Sandra Bland's Death Highlights the Outrageous Truth About Bail

July 23rd 2015

We still don’t know exactly what happened to Sandra Bland. We know she was a 28-year-old Black woman from Chicago. We know she was visiting Texas, home state of her alma mater, Prairie View A&M, where she had just gotten a job she was reportedly very excited about. A dashcam video shows she was pulled over for a minor traffic violation that somehow led to her death three days later in a jail cell. And while police are saying that she hung herself in a jail cell using a trash bag, her family and friends are saying she had every reason to live. New bits of information emerge every day, and the story of what happened to Sandra Bland is slowly being pieced together.

Sandra Bland’s story wouldn’t need piecing together if she were still alive. And if she didn't spend three days in that Texas jail, she might be. Could excessive bail be, in part, to blame? We do now know that her bail was set at $5,000. Bland left a voicemail for her friend, which was released late Wednesday. 

According to Mother Jones, Sandra had been in contact with her family over the weekend to try and post bail. A bail bondsman was among the last to speak to her. While, yes, the police officer who threatened her with a Taser (and is now on paid administrative leave for allegedly violating police policy) is responsible for her detainment, it's possible that bail was a roadblock to her release.

Sandra Bland’s story is, in some ways, reminiscent of Kalief Browder's. Last month, Browder took his own life at 22. He had been arrested for a petty crime at 16, and although likely innocent, was held in New York’s Rikers Island for three years—two of which he spent in solitary confinement where he routinely endured beatings from both inmates and guards. By the time charges against him were dropped and he was released, there was no recovering from the trauma he had experienced. Sadly, Kalief Browder became another casualty of a broken system.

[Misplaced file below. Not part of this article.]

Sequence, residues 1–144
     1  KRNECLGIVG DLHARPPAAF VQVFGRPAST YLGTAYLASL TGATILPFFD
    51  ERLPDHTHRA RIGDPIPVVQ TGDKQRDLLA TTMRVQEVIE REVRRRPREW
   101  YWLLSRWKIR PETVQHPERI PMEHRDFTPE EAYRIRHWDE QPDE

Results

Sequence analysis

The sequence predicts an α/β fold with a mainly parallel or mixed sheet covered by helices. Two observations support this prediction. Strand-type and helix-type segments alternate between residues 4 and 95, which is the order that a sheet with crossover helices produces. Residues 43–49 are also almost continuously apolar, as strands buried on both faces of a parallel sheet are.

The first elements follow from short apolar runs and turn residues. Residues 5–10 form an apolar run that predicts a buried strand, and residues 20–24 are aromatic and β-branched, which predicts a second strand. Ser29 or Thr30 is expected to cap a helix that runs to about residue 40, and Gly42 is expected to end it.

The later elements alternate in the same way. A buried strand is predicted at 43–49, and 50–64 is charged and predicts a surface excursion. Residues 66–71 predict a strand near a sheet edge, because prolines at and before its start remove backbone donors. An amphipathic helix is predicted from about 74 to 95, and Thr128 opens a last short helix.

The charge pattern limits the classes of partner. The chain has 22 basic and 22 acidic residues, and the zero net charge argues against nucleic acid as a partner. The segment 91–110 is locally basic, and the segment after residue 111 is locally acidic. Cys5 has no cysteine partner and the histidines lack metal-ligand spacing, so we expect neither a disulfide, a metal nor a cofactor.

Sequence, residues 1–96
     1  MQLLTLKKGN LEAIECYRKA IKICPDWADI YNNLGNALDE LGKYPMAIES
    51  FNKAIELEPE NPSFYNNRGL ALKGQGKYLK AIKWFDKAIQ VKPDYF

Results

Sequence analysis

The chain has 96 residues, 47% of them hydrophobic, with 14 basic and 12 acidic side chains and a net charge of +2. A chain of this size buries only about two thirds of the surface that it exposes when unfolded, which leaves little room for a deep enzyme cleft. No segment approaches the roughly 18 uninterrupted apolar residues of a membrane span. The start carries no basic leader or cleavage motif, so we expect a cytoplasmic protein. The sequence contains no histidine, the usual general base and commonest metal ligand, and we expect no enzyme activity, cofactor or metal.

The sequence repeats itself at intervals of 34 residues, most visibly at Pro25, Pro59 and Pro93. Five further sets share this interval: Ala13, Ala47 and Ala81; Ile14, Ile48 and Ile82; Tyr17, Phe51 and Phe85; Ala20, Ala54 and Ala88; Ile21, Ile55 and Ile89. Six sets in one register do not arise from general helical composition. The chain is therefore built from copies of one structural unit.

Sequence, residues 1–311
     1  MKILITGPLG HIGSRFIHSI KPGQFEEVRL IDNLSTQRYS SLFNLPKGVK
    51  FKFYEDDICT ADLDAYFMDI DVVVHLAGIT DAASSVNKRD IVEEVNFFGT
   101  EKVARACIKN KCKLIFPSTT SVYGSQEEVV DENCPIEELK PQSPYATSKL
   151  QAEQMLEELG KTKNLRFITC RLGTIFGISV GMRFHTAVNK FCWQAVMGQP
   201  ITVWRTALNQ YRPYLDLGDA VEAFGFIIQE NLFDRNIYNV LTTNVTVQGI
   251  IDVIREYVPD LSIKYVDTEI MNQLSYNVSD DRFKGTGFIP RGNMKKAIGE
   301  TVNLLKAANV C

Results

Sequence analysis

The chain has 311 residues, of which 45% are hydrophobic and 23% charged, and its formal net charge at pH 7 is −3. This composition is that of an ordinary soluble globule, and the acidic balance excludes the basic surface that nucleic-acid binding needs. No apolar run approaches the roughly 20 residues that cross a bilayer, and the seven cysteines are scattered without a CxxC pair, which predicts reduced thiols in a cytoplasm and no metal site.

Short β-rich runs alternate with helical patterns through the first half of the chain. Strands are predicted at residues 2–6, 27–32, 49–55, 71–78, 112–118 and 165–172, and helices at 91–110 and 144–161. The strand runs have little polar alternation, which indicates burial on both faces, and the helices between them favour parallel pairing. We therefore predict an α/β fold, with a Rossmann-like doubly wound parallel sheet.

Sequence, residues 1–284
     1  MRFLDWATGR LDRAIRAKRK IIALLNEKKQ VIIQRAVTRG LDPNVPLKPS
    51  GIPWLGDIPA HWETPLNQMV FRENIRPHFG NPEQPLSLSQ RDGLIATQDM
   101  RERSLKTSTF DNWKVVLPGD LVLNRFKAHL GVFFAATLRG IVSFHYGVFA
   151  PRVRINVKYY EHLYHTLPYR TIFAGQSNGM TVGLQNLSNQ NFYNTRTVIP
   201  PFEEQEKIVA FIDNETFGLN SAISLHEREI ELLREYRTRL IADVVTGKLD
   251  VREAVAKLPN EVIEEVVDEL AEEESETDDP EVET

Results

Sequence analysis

The media portrayed the Browder case as one of torment and woe. Kalief’s name, martyr-like, was woven briefly into the rhetoric of prison reform. His story was called an American Tragedy as we lamented the tortuous practice of solitary confinement. Then, Rachel Dolezal took center stage and the nation became more interested in her charade than in the failings of our courts. Had we paid more attention to Kalief, though, we might have entered into a conversation about the way we do bail—considering that Kalief Browder was arrested because someone accused him of stealing a backpack and he was incarcerated because he couldn’t afford to pay his bail of $3,000-- the original bail amount.

Bail is typically used as a means to ensure an accused person will return to court to enjoy their due process. Due process is supposed to balance the law of the land with the individual’s liberty, and ensure that justice is administered equally and fairly to all citizens. Unfortunately, our bail system does not function the way it should. It has become a mechanism of discrimination, working against due process, and serves more than anything to keep our already overcrowded jails filled with impoverished bodies.

For a nation that has the highest incarceration rate in the world, we should be doing more to ensure that those who should not be locked up, are not put behind bars. Yet somehow the fact remains that at any given time, there are half a million people sitting in jail simply because they can’t make bail. Like Kalief Browder, many of these people are not convicted and are waiting for trial. And also like Kalief, many of them are accused of nonviolent, petty crimes.

Take Anthony Cooper. He was picked up on June 13 for public intoxication at a bus station in Dothan, Alabama. Since he couldn’t pay the $300 bail associated with his offense, he was sent to jail, for days, to await trial.